The wise and strong Wilkie has decided that he must protect his much weaker and more vulnerable wife both by not telling her that he is dying, and by beginning to pave the way for her life after his death. Even the thought of a life without Wilkie brings tears to his eyes.

Lurie's description and setting up of this couple is sad, perceptive and mischievously funny. Jenny knows that she is not simply important but essential to Wilkie's work. Besides maintaining a house for him, cooking all of his meals, acting as his secretary as well as his editor (and truth be told, co-writer), she has raised their two children and tried to shield the children from their father's disappointment with them (since neither, sadly enough, is a little Wilkie in the making). Just to add spice, Lurie paints Wilkie as deeply homophobic who argues in his work that homosexuality is simply an aberration of nature.

Jenny is well aware that some women view her partnership with her husband as a trap, that they see her as subverting her own career in furthering Wilkie's, but they simply don't understand the importance of the work. In Jenny's own words:

Theoretically, as a modern, enlightened person, Jenny supported the women's movement, and occasionally had been persuaded to send a check to NOW. But in fact feminism had done nothing for her except make her chosen life seem peculiar and estrange her from her friends. She could agree with them that there was no reason why most men shouldn't help with household tasks and child care. But Wilkie Walker was not most men: he was unique, irreplaceable. The work they did together might change, had changed, the world. Jenny didn't want to be forced to abandon this work in favor of some theoretical 'career'.

This conviction, unfortunately, had come between Jenny and many women she might have remained or become her close friends. But when they cooled towards her, or failed to warm, Jenny forgave them. They didn't understand; they were married to ordinary replaceable men, men whose jobs could be done by someone else if necessary.

Lurie has set the stage so well. Now add in a woman, Lee, about Jenny's age who runs a women's only resort and who manages to rescue Jenny from drowning and to fall in love with her almost the day that the Walkers arrive in Florida. Wilkie, absorbed by his own impending death and his dwindling stature does not realize all the ways in which refusing to tell his wife of his illness and his death-fears alienates them from each other. Since she has no way of knowing that his silence, his downright coldness around her, his no longer sharing even his work with her is occasioned by his struggles with his own mortality, she quite naturally supposes other explanations for his freezing her out. And then the final straw, he fails with her in bed!!! In his words, “... their final significant encounter had been false and meaningless. Last night, their last night together, he had planned to make love to Jenny. He had tried, strained, willed it with all of his force—but all for nothing; worse than nothing.” When Jenny tries to reassure him, to tell him quite truthfully that it is the closeness that matters, that his failed erection is not the end of the world, he angrily discounts her words. “Of course she would say that, out of politeness, out of love. Silently he had turned away from her and pretended to sleep. That clumsy, humiliating failure would always be her last intimate memory of him.”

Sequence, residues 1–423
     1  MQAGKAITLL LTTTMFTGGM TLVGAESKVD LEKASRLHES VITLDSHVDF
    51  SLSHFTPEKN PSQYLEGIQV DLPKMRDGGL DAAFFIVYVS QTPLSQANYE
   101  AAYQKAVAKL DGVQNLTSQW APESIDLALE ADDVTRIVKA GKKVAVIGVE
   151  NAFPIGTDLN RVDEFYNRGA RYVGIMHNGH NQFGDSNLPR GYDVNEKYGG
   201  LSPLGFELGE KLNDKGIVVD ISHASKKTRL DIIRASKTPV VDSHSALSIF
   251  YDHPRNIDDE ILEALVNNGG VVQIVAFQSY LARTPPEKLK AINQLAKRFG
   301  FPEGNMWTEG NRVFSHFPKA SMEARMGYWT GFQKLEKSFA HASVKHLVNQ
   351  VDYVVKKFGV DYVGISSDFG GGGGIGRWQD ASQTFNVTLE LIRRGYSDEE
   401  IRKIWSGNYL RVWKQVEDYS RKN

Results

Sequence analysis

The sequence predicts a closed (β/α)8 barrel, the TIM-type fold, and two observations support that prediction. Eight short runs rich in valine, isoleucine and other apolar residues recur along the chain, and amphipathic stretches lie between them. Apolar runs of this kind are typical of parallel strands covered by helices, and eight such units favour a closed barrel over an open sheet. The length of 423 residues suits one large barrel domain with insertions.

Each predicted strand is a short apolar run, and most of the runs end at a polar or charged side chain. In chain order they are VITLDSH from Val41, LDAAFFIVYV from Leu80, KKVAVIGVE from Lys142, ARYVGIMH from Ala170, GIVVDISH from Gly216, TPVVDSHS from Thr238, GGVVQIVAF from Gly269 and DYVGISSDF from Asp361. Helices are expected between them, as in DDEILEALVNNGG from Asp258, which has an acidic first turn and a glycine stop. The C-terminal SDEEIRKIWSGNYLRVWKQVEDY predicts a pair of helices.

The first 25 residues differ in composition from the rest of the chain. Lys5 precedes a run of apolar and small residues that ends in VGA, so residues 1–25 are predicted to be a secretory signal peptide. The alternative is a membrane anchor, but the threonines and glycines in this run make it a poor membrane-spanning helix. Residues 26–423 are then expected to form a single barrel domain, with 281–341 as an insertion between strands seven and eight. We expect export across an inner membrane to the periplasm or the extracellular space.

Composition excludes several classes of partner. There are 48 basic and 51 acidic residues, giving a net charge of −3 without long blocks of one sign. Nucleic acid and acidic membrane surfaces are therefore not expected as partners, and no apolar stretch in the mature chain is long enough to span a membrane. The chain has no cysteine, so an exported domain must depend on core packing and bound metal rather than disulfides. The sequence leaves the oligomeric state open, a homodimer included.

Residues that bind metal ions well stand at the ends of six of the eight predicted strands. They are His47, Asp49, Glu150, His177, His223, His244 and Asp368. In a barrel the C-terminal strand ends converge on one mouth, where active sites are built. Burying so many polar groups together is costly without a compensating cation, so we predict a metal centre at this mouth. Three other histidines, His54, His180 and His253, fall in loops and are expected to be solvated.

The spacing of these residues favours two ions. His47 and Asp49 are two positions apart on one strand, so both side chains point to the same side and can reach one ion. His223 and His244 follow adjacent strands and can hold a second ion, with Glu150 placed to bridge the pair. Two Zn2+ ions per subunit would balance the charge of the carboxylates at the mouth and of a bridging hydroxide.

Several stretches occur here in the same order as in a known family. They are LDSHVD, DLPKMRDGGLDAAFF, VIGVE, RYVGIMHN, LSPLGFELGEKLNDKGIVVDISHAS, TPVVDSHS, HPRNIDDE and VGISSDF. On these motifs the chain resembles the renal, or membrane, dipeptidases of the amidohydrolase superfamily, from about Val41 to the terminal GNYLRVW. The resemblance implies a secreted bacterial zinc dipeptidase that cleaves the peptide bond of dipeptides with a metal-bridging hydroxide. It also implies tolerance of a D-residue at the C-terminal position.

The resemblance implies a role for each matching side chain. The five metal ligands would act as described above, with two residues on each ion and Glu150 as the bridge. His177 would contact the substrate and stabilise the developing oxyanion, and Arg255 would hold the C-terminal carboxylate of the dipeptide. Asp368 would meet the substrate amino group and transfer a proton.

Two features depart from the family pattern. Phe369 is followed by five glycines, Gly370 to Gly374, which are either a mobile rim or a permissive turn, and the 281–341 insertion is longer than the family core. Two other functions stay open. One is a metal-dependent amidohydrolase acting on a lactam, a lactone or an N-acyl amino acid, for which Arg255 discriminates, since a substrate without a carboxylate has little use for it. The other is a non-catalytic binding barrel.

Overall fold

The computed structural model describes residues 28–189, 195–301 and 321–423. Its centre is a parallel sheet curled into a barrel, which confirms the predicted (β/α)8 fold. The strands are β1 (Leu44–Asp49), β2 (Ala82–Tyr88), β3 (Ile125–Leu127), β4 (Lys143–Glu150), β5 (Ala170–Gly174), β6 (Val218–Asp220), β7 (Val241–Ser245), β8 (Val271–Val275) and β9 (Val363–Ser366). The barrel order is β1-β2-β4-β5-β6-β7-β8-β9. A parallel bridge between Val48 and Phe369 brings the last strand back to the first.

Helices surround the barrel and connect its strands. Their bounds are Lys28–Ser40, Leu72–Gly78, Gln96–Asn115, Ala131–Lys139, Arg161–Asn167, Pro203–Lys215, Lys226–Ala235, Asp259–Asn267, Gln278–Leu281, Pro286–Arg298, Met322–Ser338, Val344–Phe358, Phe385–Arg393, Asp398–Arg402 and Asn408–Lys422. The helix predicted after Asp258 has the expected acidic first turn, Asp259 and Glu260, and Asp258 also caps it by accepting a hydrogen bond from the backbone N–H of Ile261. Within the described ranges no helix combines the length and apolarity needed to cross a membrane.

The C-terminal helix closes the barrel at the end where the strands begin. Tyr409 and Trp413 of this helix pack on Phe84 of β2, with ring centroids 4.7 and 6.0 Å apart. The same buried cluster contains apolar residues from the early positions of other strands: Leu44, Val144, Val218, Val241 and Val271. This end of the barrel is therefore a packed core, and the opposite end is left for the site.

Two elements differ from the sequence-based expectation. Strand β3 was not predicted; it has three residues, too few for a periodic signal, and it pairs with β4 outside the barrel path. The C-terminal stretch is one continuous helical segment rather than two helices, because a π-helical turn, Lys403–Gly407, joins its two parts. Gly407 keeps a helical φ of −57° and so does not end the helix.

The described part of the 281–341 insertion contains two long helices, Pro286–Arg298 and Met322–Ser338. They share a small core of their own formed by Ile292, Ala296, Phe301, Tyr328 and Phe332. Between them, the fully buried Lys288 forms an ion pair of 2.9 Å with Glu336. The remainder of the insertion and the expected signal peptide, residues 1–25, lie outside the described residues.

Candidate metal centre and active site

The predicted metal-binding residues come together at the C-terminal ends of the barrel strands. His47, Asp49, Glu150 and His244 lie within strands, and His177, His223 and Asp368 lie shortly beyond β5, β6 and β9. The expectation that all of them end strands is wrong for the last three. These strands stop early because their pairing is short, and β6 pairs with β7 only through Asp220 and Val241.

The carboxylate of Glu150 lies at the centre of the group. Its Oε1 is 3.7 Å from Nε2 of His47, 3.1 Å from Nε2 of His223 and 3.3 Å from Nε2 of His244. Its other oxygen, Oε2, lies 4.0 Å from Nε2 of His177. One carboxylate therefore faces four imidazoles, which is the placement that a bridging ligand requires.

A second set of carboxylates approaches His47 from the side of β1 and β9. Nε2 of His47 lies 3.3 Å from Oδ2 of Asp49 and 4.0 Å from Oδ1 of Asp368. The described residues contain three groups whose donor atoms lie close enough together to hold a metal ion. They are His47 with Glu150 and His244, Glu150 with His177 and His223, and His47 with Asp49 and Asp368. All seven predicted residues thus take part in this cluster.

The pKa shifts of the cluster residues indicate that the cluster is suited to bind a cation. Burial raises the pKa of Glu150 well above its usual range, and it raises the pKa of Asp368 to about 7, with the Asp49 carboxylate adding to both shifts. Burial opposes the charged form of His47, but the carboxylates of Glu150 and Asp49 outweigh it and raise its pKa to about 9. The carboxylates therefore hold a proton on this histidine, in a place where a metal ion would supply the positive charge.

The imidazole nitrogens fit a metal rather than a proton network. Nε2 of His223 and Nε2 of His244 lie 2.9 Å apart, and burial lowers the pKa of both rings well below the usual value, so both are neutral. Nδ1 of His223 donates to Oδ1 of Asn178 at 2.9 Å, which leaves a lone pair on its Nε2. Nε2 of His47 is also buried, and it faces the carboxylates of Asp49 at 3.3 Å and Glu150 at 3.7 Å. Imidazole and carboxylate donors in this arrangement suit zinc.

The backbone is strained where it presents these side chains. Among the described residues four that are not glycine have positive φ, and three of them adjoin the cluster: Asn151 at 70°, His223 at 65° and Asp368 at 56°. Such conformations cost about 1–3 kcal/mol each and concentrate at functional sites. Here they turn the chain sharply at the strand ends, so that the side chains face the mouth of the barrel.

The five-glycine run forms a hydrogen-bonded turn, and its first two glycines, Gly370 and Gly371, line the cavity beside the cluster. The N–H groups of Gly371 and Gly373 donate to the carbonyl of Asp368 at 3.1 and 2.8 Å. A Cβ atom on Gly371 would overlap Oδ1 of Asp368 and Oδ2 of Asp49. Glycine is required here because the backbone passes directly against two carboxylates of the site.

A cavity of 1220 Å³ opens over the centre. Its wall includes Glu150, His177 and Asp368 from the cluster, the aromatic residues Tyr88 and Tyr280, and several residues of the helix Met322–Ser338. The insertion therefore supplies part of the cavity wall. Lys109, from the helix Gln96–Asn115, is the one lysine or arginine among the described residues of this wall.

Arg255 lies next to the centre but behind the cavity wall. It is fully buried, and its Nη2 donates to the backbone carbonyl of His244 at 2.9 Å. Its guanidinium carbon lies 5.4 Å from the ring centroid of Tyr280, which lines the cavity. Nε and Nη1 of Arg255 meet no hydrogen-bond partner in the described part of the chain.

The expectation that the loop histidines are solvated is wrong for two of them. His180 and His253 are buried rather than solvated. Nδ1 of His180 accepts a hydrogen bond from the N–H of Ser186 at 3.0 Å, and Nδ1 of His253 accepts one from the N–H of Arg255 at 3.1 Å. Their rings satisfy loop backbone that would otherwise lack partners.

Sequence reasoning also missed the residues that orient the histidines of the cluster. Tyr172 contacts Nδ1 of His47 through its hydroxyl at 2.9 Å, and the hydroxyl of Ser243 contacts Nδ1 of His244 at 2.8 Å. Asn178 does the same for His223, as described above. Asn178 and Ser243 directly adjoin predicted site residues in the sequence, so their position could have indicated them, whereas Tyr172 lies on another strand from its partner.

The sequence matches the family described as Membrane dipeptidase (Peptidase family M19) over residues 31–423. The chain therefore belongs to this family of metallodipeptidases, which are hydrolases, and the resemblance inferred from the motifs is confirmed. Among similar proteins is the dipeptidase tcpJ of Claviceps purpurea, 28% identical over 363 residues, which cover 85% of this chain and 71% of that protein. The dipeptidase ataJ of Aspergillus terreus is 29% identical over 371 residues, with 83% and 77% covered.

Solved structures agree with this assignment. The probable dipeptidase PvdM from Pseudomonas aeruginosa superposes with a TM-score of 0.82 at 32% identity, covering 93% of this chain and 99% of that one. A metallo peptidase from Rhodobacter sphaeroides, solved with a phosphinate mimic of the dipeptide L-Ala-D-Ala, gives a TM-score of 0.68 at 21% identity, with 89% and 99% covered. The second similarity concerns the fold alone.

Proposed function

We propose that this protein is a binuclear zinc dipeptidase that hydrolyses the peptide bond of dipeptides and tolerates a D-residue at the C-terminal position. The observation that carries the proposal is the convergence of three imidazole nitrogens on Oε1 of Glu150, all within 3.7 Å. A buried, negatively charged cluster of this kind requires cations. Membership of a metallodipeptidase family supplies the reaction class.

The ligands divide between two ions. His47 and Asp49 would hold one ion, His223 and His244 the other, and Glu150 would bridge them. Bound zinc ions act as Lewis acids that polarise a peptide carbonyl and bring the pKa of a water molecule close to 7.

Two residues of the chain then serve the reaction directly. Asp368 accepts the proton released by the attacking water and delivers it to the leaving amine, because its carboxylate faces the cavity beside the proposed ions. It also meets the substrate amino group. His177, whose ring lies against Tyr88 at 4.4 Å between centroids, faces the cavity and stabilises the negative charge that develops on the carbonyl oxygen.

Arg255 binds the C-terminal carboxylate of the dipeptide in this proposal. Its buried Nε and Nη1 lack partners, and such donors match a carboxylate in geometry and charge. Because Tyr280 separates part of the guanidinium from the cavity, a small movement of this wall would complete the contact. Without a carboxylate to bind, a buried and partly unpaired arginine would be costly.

Ah, what could be worse for such a vital, such a virile, such an important man than to lose his erection. Nothing left but to swim out into the ocean one last time, to die brave and alone.

Already, I have probably told you too much of the plot, but there are many surprises left to come, and many characters that I have not even mentioned. Lurie obviously has fun with the absurd homophobia of Wilkie as well as other characters whom she contrives to bring on stage. The almost inevitable romance between Lee, the owner of the resort, and Jenny is humorous, but it is also touching and (I think) full of insights about how relationships should really be, about the mutual attention and respect that really good relationships require.

Again, despite the comedic setting, Lurie has important insights about both the importance of environmentalism and about the ways that it can direct political energy as well as the ways in which it can deflect it into a kind of meaningless sentimentalism. In the end, this book is a comedy with more than a few important messages, and it is written by a writer who has mastered her talents. It is at the very least and entertaining novel, and I think quite a bit more than that. I think Lurie deals with sexual and political themes in important ways, and even quite deep existential questions get a good, hard look, though all of this is cloaked in humor. It is an easy book to read, and I think its messages are well worth absorbing.